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Economist: 2020s Could Be Arizona's Best Decade Ever

STEVE GOLDSTEIN: Arizona's credit rating was upgraded by Moody's Investors Service this month, thanks to a growing economy and recent budget policies that have built up a hefty rainy day fund. Governor Doug Ducey celebrated the announcement, saying in a statement the upgrade was "further validation that Arizona is going in the right direction and that smart policies do matter." But what does this really mean for the state? Economist Jim Rounds is joining me this morning to talk about the state's second upgrade in the last decade. So Jim, what does this really mean for the state going forward, tangibly?

JIM ROUNDS: So when you have a better credit rating, it's basically the same thing as with your individual credit rating. You can borrow at lower rates. And in the case of a government entity, it means that they can save taxpayers money when they issue bonds to pay off major projects, infrastructure projects, things like that. So overall, even though it might only improve the interest rate by a tiny bit, that tiny bit adds up to a lot when we're talking about billions of dollars.

GOLDSTEIN: And one thing the Moody's folks noted was the growing and increasingly diversified economy in Arizona, something many people have been clamoring for for a long time. How significant you think that is, and is this the direction the state is going to continue to diversify the economy?

ROUNDS: So the biggest impact was probably the budget stabilization fund effort led by the governor. That $1 billion, which we happen to support pretty vigorously, is going to help quite a bit during the next economic downturn. That had an impact. It means that we're a good bet longer term. Diversifying the state's economy — that's always important. We've been creating more jobs than most other states. We've been adding to our personal income. So we've been doing quite well in terms of volume, and we're starting to shift to even higher quality jobs. And that's going to take some additional investment in things like universities, K-12 in specific areas, things like that. But we're going in the right direction. And I feel like the next decade — the 2020s — it's going to be the best expansion the state's ever had, if we continue this trend.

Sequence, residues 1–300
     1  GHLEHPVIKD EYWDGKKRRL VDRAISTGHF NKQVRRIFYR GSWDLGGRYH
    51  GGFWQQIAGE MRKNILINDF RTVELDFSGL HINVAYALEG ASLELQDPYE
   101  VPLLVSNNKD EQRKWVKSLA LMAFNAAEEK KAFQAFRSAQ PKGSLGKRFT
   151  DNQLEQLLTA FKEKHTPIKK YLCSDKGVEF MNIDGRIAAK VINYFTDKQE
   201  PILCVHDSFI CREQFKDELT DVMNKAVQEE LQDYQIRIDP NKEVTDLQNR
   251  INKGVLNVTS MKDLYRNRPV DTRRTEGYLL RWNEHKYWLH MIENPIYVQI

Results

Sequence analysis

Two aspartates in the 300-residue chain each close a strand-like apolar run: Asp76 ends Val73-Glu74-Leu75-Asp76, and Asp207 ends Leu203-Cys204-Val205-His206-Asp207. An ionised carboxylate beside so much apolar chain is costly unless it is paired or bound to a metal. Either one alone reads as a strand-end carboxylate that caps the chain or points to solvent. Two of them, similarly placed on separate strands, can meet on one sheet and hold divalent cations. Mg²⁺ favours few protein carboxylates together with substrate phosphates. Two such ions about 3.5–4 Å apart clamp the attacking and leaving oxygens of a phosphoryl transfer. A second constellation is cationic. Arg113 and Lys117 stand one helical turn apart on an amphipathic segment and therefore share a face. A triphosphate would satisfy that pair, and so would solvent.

GOLDSTEIN: OK. And let's go back to the Budget Stabilization Fund for a moment, Jim, otherwise known as the rainy day fund. When it comes to spending a bit, especially on — whether it's K-12 or universities — education in the bigger picture, there have been some people who thought, well, the governor just wanted that big number, that $1 billion number. Do you think it is more significant to have that equally significant to do some spending? Does that in some way put even a philosophical lock on some of the spending people would like to see?

ROUNDS: Let's treat this bay based on a math equation rather than politics. So in a downturn, the most mild downturn that we could have, which is the most likely scenario, is going to look like 2001 for us rather than 2008. And the government typically loses about $2 billion compared to its normal trend during that downturn. So we're about 50% hedged against the next downturn. Now I wouldn't recommend putting $2 billion in the Budget Stabilization Fund. You can always do some budget gimmicks to get through the rest or maybe clean house a little bit with some agencies. But $1 billion is not an excessive amount. In fact, I think that should be considered the standard going forward, at least for Arizona. So the folks that are saying that we should be spending this money on permanent programs just don't understand. And they haven't looked at the history of how the state is impacted even in mild downturns.